This actually was said by Eric Dickerson as he reintroduced himself to the practice field Monday afternoon:
"I saw Charles White play in college. He's tough. I never carried 36 times. It's like when you don't show up, you have to win your position back. I believe I have to win my position back.
"But he'll have a run on his hands."
By all accounts--White's and Ram Coach John Robinson's--the alleged competition should last slightly less than a millisecond.
Disregard White's lofty standing among the NFL's rushing leaders--he is fourth, behind Tampa Bay's James Wilder, the New York Jets' Freeman McNeil and Seattle's Curt Warner. His totals, however impressive, are the work of part-time help. Dickerson didn't return to the Rams after a 46-day holdout only to be shown a seat on the bench.
Said White, after his 36-carry, 144-yard effort Sunday: "This is a great feeling and I might as well enjoy it now because next week I'll be running down, covering kickoffs in Seattle."
Robinson said as much, too. He said he hasn't decided if Dickerson will start next Monday night's game against the undefeated Seahawks. "But he's going to play. It will be great practice for him. There's no sense in not planning to play him. How much he goes, a lot of that will be on how the week goes."
Dickerson's work week began with a brief meet-the-press session, then the inevitable film meetings, in this case, to watch the game against Philadelphia, where he played sideline observer rather than running back. By mid-afternoon, Dickerson had found his way to the practice fields, much to the delight of teammates, coaches and mini-cams.
He arrived fashionably late for stretching exercises, then spent the remaining hour taking handoffs from quarterback Dieter Brock, catching passes and jogging around.
After practice, Dickerson pronounced himself fit and ready. For a team preparing to face Seattle's supposed Super Bowl contenders, there can be few nicer sights than the one of Dickerson trotting into the huddle.
Even more comforting to the Rams is Dickerson's assurance that he is here to stay.
"I will not leave camp," he said. "Now that I'm here, I will not walk out. I owe it to my teammates."
Dickerson's advisers said that they are expecting a contract offer from the Rams sometime today. Bargaining will begin soon thereafter, they said.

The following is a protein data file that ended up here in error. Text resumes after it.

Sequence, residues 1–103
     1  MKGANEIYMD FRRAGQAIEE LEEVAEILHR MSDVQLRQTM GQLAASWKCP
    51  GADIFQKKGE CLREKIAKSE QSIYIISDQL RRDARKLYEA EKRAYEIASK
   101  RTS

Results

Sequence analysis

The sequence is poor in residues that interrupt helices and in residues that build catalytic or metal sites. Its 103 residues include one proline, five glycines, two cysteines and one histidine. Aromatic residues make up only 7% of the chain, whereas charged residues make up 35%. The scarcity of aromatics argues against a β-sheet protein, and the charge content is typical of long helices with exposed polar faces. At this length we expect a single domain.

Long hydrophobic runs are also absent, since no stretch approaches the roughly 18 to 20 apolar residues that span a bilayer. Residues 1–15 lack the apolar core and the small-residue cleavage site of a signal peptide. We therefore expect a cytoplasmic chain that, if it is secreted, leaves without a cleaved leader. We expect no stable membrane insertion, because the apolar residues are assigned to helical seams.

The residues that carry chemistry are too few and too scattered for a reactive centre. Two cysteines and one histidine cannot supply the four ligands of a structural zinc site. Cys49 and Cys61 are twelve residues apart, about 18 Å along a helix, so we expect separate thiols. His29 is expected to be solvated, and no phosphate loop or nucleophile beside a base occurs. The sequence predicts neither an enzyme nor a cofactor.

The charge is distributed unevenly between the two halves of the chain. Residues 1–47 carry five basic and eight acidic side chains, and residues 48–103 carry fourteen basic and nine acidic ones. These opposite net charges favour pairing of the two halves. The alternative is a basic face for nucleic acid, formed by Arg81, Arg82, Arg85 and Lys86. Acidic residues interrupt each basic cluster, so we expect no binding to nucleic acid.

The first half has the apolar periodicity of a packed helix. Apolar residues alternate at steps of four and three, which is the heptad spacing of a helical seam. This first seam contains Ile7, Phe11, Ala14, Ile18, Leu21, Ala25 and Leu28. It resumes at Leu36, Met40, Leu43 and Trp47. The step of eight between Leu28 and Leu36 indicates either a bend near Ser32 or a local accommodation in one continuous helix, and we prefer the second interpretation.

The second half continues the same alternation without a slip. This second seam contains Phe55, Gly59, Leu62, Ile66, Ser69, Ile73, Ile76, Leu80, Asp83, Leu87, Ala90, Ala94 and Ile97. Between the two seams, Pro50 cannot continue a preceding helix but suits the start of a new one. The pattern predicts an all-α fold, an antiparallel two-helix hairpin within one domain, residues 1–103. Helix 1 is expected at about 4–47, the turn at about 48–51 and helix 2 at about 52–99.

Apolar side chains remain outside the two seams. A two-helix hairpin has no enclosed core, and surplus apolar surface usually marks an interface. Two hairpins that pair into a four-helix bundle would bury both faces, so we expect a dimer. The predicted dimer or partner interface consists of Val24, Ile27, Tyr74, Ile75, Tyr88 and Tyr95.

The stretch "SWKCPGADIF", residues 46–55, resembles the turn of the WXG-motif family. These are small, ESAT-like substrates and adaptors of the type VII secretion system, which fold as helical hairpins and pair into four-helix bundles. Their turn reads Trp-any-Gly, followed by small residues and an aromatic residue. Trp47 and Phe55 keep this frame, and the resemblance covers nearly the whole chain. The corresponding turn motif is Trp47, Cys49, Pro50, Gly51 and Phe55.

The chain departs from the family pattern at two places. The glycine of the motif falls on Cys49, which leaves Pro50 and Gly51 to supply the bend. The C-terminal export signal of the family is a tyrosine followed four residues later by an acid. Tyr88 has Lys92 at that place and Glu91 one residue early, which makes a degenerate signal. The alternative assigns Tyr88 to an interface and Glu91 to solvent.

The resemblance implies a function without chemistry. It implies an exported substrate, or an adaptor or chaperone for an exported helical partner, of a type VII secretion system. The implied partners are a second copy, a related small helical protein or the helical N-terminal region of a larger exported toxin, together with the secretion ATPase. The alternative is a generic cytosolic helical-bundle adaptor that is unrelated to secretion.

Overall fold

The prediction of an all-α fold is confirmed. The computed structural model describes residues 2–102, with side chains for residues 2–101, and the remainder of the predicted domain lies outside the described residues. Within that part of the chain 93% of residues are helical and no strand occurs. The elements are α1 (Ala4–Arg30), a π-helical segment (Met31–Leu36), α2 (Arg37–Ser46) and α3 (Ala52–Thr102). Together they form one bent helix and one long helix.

The remaining unknown concerns Dickerson's ability to perform without suffering from the same problems that plagued another young holdout in his first appearance--quarterback Dan Marino of the Miami Dolphins.
"(The Seahawks) might want to prove I can't come in and play without training camp or play in any games," Dickerson said. "But I've been a marked man for two years and I've handled it pretty well."
To help smooth the transition from holdout to hope, Dickerson will attend tutoring sessions today and Wednesday, the Rams' scheduled days off this week. He said he probably could run the ball about 28 times against Seattle. "Something like that, normal."
Mike Guman, who suffered torn ligaments in his right knee against the Eagles Sunday, underwent arthroscopic surgery Monday and will be out at least eight weeks, a Ram spokesman said.
Guman, who serves as a slotback on offense and also plays on special teams, was hurt late in the first quarter while returning a kickoff. According to Gil Haskell, the special teams coach, an Eagle defender hit Guman's knee from the side while attempting a tackle.
Robinson said Guman will be put on injured reserve later this week. There are other injuries of note:
--Guard Dennis Harrah has a torn thigh muscle and isn't expected to play against the Seahawks. "I would say it does not look good," Robinson said.
Russ Bolinger will replace Harrah in the starting lineup. Robinson said he might add another lineman to the roster if Harrah's condition warrants a move to the injured-reserve list.
--Running back Barry Redden continues to nurse an injured ankle. "I think my worst fears about his ankle injury are being realized and I think, he again, becomes questionable," said Robinson, who now regrets an earlier decision to put Redden in the lineup against Denver in the season opener.
"I made an error," he said. "I should have just kept him out of the first game. But we live and learn."
Robinson said that recently acquired wide receiver Bobby Duckworth would play more against Seattle. He was involved in 20 plays against Philadelphia. Duckworth shares time with starter Ron Brown.
"Ron looks tired and kind of drawn to me, to the point where we may share the job next week," Robinson said.
Brown said that he had been sick Saturday. "Some kind of virus," he said. "I couldn't eat anything." As for his knee rehabilitation, Brown said he was at "about 85-90%.
"I'm kind of discouraged about my knee not being where I want it to be as far as my confidence in it, but I'm trying to play through it," he said. "It hurts to make different cuts on it. It's just not as strong as I'd like it to be."
Brown isn't fond of possibly losing his starting position. "But Duckworth is a good receiver," he said. "This is unfortunate for me. I wish that I could be at 100% right now. More importantly, I want to win."